7 February 2009
The weather that day was extraordinary in the truest sense of the word with a record-breaking temperature of 46.4 °C, very low humidity and winds of up to 90 km/h. The drive into Kinglake is rarely easy with little space between you and the cliff’s edge: a sheer drop often without barriers. Now as I drive up under 40 km/h, my biggest comfort is that I have the time to take it slow. On that awful day, this was the main route out of town.
Two fires merged in the afternoon, one from Kilmore East and the other from the Murrindindi Mill. They combined into the deadliest blaze out of approximately 400 statewide. The temperature started to drop just before 5.30 pm, and with it came a heartbreaking wind change that transformed a narrow fire front into a wide fire band. Reaching speeds of up to 50 km/h, nearly double the average recommended speed of the town’s main exit road, the fire quickly swept through the Kinglake township and the national park. Of the 173 people who died that day, 120 were from Kinglake. Many lost their lives on this road.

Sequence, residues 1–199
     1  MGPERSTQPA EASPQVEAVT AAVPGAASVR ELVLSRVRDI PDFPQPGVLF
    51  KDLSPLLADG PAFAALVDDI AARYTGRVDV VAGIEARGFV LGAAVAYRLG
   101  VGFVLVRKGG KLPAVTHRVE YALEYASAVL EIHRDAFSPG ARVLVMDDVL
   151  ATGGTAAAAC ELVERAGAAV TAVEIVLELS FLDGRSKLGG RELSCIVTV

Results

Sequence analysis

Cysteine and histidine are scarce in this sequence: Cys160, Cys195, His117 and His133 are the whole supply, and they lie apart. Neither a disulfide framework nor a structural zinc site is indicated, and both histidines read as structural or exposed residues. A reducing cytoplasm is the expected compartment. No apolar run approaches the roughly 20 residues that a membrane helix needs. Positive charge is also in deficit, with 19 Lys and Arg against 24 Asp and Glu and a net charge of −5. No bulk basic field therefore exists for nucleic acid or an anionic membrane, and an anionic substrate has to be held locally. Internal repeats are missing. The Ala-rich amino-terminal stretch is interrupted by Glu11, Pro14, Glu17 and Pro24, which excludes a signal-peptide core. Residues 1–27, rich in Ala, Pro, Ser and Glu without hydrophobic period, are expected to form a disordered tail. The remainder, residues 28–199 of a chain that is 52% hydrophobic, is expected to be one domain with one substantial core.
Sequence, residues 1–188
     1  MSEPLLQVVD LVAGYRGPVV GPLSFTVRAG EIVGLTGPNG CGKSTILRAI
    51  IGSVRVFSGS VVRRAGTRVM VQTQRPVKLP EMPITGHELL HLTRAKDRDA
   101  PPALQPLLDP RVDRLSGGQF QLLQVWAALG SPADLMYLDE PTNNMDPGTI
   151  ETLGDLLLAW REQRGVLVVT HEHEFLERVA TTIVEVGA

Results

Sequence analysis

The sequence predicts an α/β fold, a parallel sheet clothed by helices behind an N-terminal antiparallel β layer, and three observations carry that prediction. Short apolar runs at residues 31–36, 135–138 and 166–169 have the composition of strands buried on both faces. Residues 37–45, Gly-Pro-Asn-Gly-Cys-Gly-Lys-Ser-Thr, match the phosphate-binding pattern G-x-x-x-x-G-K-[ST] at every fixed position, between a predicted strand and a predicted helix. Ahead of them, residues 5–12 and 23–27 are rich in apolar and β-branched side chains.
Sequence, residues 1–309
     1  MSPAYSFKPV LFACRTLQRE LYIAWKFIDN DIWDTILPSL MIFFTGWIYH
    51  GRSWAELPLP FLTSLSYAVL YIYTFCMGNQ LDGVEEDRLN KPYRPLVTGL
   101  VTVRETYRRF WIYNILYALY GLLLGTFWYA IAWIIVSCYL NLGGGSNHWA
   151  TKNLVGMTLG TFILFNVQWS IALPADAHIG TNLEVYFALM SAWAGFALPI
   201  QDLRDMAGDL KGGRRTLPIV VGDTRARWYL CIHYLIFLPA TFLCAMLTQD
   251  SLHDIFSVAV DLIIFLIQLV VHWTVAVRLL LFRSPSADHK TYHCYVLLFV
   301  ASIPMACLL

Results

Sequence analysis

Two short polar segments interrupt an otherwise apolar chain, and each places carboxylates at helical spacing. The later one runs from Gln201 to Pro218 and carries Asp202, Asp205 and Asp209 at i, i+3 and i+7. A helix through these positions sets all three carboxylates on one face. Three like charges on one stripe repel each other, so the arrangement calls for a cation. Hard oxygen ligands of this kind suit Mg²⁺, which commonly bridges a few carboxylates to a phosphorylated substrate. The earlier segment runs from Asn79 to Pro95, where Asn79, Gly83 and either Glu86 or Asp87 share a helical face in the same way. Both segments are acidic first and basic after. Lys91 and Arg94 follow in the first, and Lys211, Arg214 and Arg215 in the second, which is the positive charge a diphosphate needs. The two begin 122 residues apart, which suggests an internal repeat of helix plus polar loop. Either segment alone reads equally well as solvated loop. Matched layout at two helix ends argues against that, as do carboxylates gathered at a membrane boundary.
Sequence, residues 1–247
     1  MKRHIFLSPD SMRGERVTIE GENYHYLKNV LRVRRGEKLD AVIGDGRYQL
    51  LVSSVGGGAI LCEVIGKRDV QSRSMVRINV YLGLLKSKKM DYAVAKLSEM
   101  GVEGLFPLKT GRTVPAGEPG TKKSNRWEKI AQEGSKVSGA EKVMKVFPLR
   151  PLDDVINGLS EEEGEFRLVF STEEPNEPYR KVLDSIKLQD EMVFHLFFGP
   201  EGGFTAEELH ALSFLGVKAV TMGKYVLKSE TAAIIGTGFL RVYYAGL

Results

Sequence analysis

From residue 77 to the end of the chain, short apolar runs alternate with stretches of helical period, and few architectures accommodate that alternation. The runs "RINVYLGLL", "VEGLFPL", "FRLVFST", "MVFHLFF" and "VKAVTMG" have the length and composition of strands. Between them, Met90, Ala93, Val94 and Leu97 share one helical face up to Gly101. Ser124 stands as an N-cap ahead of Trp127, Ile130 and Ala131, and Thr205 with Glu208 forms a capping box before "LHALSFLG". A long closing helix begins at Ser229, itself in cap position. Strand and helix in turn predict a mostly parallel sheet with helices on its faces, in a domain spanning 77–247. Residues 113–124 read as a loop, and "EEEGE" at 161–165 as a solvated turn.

On entry to the Kinglake National Park, a single sign acts as a reminder that 96 per cent of its land was destroyed by that fire. The RSPCA estimates that over one million animals perished. For most of these animals there was simply no way out and surprisingly, despite its wings, the Lyrebird was among them. As a homebody, it rarely flies only travelling within a 10 km radius unless threatened. Inhabiting the hardest-hit area within Australia’s deadliest natural disaster, the Lyrebird survived. I couldn’t help but wonder how.